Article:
Bill Clinton: If You Like Your Plan, You Should Be Allowed to Keep It

The former president, a vocal Obamacare supporter, favors changing the health care law to allow insured Americans to keep their plans under the Affordable Care Act.

Former President Bill Clinton and President Obama.
National Journal
Marina Koren
Add to Briefcase
Marina Koren
Nov. 12, 2013, 7:14 a.m.

Last week, Pres­id­ent Obama apo­lo­gized to Amer­ic­ans who were re­ceiv­ing can­cel­la­tion no­tices from their health care pro­viders. Their plans, it seems, were no longer in com­pli­ance with the Af­ford­able Care Act, des­pite his go-to mes­sage of  “If you like your plan, you can keep it” for the already in­sured.

“I re­gret very much that what we in­ten­ded to do, which is to make sure that every­body is mov­ing in­to bet­ter plans be­cause they want them “¦ that we wer­en’t as clear as we needed to be,” he told NBC News, prom­ising a fix to the situ­ation.

But former Pres­id­ent Clin­ton, a long­time sup­port­er of the health law, said Tues­day that the solu­tion is for Obama to make good on his prom­ise, even if it means al­ter­ing the health care law.

“I per­son­ally be­lieve even if it takes a change to the law, the pres­id­ent should hon­or the com­mit­ment the fed­er­al gov­ern­ment made to those people and let them keep what they got,” Clin­ton said in an in­ter­view with, a di­git­al magazine.

“We’re bet­ter off with this law than without it,” Clin­ton said, be­fore list­ing the prob­lems the ad­min­is­tra­tion still has to fix, in­clud­ing the still-faulty health care web­site. False as­sur­ances from Obama is one of these prob­lems, he said. “Young people mostly, but not all young, who are in the in­di­vidu­al mar­ket who are above 400 per­cent of the poverty level, they were the ones who heard this prom­ise.” The White House has said that much of the Af­ford­able Care Act’s suc­cess rests with get­ting young, health people to sign up for cov­er­age.

White House press sec­ret­ary Jay Car­ney ad­dressed Clin­ton’s re­marks Tues­day af­ter­noon. He said “the pres­id­ent has asked his team to look at ways to ad­dress” the is­sue of plan can­cel­la­tions.

The full in­ter­view is be­low:

What We're Following See More »
SCOTUS Leaves Political Ad Disclosure Law In Place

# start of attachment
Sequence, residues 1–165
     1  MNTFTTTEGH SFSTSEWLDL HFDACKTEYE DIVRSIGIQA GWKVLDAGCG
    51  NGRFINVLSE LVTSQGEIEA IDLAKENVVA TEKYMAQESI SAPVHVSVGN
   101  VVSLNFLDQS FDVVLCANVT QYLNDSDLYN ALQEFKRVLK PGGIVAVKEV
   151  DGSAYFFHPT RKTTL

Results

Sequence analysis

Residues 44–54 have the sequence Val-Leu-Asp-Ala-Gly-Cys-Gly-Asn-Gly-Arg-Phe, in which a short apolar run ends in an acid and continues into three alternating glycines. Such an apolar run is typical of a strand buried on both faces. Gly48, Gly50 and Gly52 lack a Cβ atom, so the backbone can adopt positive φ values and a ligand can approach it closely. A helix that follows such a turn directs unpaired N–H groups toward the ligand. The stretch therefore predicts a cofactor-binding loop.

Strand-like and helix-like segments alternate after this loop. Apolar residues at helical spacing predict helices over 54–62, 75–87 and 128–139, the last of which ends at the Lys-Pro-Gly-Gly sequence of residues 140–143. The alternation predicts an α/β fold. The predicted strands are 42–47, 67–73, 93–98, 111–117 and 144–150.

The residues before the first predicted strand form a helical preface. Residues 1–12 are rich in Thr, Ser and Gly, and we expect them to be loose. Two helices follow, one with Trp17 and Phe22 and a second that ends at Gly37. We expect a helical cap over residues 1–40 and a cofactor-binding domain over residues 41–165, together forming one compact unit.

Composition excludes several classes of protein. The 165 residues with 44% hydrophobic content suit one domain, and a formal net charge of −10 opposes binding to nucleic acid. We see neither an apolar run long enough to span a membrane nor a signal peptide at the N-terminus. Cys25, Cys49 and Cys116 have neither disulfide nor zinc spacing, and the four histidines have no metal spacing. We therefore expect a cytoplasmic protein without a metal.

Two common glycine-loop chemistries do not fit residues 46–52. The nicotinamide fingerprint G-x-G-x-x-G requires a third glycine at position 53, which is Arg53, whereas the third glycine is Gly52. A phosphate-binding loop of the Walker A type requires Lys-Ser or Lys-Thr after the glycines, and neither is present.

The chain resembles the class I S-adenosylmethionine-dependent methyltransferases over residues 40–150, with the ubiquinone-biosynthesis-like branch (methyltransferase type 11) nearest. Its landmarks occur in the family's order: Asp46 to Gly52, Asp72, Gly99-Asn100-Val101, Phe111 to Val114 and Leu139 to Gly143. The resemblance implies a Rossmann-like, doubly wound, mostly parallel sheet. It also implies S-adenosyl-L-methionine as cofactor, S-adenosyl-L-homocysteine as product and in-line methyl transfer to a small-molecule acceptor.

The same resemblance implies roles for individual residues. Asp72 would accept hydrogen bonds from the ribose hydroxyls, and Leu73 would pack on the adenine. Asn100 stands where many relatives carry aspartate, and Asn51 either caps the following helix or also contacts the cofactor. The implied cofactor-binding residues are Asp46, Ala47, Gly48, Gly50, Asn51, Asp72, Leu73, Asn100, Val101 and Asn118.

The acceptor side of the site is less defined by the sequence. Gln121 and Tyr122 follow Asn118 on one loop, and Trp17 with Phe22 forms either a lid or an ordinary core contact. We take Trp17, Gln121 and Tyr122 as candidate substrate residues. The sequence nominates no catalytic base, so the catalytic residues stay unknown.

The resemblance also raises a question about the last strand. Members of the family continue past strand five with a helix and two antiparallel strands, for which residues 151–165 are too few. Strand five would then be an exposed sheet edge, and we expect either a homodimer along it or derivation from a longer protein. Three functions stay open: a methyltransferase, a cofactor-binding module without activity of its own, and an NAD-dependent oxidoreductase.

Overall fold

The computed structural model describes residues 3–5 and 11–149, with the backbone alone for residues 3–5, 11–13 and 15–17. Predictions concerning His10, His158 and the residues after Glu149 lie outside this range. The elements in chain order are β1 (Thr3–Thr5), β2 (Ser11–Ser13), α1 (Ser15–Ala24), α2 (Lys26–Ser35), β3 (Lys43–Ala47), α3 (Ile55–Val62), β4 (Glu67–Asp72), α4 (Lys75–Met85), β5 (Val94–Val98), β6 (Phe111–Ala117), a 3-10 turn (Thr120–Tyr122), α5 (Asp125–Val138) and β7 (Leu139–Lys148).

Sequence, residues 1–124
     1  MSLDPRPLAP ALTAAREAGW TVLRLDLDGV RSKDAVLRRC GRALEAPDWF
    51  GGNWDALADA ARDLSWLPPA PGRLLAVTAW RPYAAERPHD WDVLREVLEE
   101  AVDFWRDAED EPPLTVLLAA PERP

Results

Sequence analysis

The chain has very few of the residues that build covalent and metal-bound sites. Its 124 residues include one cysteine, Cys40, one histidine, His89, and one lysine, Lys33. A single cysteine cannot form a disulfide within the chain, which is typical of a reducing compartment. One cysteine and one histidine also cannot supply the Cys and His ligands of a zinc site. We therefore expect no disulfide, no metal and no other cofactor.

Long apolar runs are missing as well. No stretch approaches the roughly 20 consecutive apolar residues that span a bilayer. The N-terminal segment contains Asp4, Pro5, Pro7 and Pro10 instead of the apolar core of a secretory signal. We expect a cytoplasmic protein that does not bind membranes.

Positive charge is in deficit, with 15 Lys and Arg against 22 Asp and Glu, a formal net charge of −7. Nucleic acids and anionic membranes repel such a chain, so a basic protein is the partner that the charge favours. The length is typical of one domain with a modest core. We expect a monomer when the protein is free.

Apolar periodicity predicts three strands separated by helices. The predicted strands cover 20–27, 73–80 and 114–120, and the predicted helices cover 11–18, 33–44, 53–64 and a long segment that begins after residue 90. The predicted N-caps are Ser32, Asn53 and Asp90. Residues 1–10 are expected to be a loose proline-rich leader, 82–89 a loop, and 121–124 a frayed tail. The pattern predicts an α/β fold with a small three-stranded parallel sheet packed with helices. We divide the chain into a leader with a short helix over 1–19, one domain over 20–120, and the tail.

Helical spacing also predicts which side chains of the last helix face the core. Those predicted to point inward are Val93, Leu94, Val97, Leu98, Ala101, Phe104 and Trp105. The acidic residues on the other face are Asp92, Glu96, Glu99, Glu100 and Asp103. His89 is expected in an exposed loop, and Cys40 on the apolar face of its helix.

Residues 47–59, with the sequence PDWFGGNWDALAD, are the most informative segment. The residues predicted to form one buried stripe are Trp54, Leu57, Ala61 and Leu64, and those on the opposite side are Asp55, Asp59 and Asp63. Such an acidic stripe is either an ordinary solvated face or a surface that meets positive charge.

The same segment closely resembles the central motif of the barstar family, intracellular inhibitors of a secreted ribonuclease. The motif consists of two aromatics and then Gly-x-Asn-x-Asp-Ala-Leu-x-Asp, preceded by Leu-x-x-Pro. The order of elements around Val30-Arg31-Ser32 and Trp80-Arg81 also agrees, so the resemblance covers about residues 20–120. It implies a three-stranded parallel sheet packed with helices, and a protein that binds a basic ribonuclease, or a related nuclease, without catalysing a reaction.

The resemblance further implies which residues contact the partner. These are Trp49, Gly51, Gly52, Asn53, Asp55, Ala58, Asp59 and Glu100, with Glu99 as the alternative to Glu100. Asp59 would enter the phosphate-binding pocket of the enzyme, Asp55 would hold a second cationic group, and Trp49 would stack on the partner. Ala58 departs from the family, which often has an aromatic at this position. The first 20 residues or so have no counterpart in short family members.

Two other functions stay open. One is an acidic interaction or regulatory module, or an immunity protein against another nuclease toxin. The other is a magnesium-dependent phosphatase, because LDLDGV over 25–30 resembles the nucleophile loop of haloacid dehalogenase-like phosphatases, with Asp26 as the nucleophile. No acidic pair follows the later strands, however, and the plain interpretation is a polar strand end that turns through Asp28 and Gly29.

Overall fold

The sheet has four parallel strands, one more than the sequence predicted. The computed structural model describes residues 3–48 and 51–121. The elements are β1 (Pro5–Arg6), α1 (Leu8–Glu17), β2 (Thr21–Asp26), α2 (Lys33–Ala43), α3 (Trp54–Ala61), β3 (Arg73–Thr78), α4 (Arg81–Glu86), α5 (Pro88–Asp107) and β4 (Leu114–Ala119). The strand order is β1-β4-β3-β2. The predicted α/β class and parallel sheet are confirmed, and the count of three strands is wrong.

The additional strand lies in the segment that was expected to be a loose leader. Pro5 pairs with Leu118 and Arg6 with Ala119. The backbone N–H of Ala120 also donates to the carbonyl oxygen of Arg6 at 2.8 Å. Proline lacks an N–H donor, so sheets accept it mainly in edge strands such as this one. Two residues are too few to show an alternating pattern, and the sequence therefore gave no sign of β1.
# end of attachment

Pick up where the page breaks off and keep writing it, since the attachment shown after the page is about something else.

1 hours ago

The Supreme Court on Monday declined to hear an appeal to the "federal disclosure rules for political advertising," leaving in place the ruling by a lower court upholding a law requiring the disclosure of donors to political ads. The appeal came from "a Denver-based libertarian think tank that wanted to run an ad without being forced to divulge its major donors," which argued that the requirement was a violation of first amendment rights under the Court's Citizens United decision.

Trump Meets with Health Execs
1 hours ago
Trump Budget Would Bump Defense Spending by $54 Billion
2 hours ago

"The Trump administration is proposing a budget it says will increase defense spending by $54 billion and cut non-defense spending by the same amount. The White House is sending a topline budget proposal reflecting those figures to federal agencies on Monday afternoon, according to an Office of Management and Budget official." An unnamed OMB official said most federal agencies would face cutbacks.

Trump To Skip Correspondents Dinner
5 hours ago

Donald Trump announced in a tweet on Saturday that he would not attend the White House Correspondents' Association dinner in April. The move did not come as a surprise, another moment in his ongoing battle with the media, which he has dubbed the "enemy" of the American people and repeatedly refers to as "fake news." Multiple outlets have already cancelled their events surrounding the dinner and several are considering skipping the event outright.

Navy Secretary Nominee To Withdraw
5 hours ago

Phillip Bilden, Donald Trump's nominee for Navy secretary, has decided to withdraw his nomination after he was unable to sufficiently untangle his financial commitments. Bilden follows Vincent Viola, who withdrew his nomination for Army secretary.


Welcome to National Journal!

You are currently accessing National Journal from IP access. Please login to access this feature. If you have any questions, please contact your Dedicated Advisor.